We would like to thank Drs. Chun-Nun Chao and Siew-Lee Wong at the Child Development Evaluation Center of the Ditmanson Medical Foundation Chia-Yi Christian Hospital for their help in the conduct of this study and Miss Shu-Jung Chiang at the Department of Psychology, National Chung Cheng University for her assistance in case registration and data analysis. We would also like to thank Mrs. Chun-Hsiang Mu and the other social workers at the Reporting and Referral Center for Children with Developmental Delay of the Chia-Yi City and County for their assistance in data collection.
- American Psychiatric Association: Diagnostic and Statistical Manual of Mental Disorders, Fourth Edition. 1994, Washington: American Psychiatric AssociationGoogle Scholar
- Yeargin-Allsopp M, Murphy CC, Oakley GP, Sikes RK: A multiple-source method for studying the prevalence of developmental disabilities in children: the metropolitan Atlanta developmental disabilities study. Pediatrics. 1992, 89: 624-630.PubMedGoogle Scholar
- Levy SE, Hyman SL: Pediatric assessment of the child with developmental delay. Pediatr Clin North Am. 1993, 40: 465-477.PubMedGoogle Scholar
- American Association on Intellectual and Developmental Disabilities: Definition of Intellectual Disability. Available from: http://www.aaidd.org [Date accessed: July 5, 2014]
- Simeonsson RJ: Primary, secondary, and tertiary prevention in early intervention. J Early Intervent. 1991, 15: 124-134. 10.1177/105381519101500202.View ArticleGoogle Scholar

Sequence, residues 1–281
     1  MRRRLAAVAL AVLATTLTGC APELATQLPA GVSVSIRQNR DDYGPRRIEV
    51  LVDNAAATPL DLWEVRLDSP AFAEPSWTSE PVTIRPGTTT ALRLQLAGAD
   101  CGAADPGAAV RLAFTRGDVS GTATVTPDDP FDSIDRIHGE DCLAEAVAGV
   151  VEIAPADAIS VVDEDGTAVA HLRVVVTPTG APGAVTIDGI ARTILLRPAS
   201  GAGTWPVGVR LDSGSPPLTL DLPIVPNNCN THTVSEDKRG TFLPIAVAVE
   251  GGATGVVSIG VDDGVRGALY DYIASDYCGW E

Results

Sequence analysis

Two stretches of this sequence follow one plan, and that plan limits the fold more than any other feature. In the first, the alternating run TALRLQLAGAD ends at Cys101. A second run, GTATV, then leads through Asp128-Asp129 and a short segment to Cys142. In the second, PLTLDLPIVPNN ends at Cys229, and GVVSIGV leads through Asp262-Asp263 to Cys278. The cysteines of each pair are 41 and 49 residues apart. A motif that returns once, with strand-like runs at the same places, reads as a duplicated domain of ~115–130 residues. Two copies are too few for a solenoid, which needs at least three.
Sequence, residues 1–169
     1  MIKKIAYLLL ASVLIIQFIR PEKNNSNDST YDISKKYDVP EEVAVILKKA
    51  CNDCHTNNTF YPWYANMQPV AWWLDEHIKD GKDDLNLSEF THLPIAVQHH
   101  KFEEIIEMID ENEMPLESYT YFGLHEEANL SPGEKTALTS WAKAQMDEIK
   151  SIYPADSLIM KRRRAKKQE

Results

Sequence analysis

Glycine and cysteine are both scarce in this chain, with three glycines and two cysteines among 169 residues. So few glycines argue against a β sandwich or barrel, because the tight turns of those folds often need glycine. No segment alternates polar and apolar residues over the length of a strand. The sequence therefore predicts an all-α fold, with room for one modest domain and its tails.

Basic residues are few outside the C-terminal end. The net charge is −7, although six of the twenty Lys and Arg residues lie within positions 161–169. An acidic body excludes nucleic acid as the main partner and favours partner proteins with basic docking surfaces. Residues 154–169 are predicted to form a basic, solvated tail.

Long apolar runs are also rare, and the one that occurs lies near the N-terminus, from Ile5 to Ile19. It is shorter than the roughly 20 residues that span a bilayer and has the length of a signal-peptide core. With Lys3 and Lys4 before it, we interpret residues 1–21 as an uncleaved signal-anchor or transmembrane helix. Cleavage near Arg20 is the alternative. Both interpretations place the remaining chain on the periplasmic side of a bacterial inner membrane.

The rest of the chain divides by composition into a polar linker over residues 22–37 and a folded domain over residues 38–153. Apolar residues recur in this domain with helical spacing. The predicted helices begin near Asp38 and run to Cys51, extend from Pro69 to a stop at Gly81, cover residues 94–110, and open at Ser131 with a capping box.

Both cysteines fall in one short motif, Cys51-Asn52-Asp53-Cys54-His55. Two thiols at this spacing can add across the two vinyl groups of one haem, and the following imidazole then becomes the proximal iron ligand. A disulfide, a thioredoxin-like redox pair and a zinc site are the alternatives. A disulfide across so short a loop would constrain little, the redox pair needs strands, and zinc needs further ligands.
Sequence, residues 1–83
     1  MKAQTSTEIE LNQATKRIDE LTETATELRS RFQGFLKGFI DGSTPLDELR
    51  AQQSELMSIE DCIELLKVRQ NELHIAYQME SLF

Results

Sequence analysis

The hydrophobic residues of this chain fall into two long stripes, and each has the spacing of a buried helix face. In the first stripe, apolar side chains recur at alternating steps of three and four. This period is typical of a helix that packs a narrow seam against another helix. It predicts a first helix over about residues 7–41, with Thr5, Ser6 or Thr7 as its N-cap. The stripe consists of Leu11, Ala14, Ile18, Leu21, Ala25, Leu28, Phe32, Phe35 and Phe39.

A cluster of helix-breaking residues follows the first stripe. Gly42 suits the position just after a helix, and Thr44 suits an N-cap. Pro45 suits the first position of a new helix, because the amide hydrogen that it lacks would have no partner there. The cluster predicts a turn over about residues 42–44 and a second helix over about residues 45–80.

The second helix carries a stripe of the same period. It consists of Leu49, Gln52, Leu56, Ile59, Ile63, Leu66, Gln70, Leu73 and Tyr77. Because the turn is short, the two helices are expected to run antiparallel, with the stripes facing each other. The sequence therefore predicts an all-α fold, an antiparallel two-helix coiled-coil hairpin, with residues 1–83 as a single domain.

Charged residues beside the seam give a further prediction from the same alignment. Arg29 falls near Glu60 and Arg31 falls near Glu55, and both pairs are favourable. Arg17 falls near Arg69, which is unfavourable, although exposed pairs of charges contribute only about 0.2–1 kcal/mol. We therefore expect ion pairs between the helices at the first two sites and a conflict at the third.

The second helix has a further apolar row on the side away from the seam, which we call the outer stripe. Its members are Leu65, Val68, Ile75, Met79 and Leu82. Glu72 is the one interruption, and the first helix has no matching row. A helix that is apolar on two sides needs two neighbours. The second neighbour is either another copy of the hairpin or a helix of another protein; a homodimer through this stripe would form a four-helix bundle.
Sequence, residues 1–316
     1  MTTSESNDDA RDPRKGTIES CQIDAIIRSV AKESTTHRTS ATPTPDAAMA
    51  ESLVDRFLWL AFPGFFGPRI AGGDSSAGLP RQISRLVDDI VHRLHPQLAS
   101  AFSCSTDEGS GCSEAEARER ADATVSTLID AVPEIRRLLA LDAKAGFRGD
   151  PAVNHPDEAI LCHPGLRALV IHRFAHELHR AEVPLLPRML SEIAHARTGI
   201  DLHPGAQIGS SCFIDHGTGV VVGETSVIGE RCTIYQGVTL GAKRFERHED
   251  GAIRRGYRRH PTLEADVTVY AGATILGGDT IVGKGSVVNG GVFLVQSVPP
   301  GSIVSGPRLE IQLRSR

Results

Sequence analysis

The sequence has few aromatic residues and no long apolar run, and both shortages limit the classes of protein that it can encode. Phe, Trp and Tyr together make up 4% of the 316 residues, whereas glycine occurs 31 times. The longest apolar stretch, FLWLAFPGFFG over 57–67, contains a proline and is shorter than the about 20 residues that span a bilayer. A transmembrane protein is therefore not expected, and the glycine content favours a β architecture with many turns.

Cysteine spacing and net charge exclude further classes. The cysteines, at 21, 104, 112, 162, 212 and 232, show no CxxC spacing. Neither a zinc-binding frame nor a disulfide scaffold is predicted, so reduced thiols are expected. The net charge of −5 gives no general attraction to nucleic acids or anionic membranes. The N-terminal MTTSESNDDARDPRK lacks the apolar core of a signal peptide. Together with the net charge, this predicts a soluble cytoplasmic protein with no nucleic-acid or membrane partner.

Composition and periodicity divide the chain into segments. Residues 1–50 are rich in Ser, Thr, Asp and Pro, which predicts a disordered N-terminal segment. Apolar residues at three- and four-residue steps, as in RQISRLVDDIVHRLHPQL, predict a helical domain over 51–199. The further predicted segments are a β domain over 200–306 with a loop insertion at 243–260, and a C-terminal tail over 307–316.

- Bonnier C: Evaluation of early stimulation programs for enhancing brain development. Acta Pædiatr. 2008, 97: 853-858.View ArticlePubMedGoogle Scholar
- The Children and Youth Welfare Law. Available from: http://www.president.gov.tw/Default.aspx?tabid=84&lctl=view&itemid=281&ctid=96&q=%E5%85%92%E7%AB%A5%E5%8F%8A%E5%B0%91%E5%B9%B4%E7%A6%8F%E5%88%A9%E6%B3%95 [Date accessed: July 5, 2014]
- The Bye-laws of Children and Youth Welfare Law. Available from: http://law.moj.gov.tw/LawClass/LawOldVer.aspx?Pcode=D0050010&LNNDATE=20040603&LSER=001 [Date accessed: July 5, 2014]
- The Children Welfare Law. Available from: http://www.president.gov.tw/Default.aspx?tabid=84&lctl=view&itemid=3702&ctid=96&q= [Date accessed: July 5, 2014]
- Huang P-H: The development and current situation of the early intervention for children with developmental delay in Taiwan. Int J Child Care Edu Policy. 2007, 1: 45-58.View ArticleGoogle Scholar
- Casto G, Mastropieri MA: The efficacy of early intervention programs: a meta-analysis. Except Child. 1986, 52: 417-424.PubMedGoogle Scholar
- Shonkoff JP, Hauser-Cram P: Early intervention for disabled infants and their families: a quantitative analysis. Pediatrics. 1987, 80: 650-658.PubMedGoogle Scholar
- Majnemer A: Benefits of early intervention for children with developmental disabilities. Sem Pediatr Neurol. 1998, 5: 62-69. 10.1016/S1071-9091(98)80020-X.View ArticleGoogle Scholar
- Ramey CT, Ramey SL: Prevention of intellectual disabilities: early interventions to improve cognitive development. Prev Med. 1998, 27: 224-232. 10.1006/pmed.1998.0279.View ArticlePubMedGoogle Scholar
- Ramey CT, Bryant DM, Suarez TM: Early intervention: why, for whom, how, and at what cost?. Clin Perinatol. 1990, 17: 47-55.PubMedGoogle Scholar
- Barnett WS: Long-term cognitive and academic effects of early childhood education on children in poverty. Prev Med. 1998, 27: 204-207. 10.1006/pmed.1998.0275.View ArticlePubMedGoogle Scholar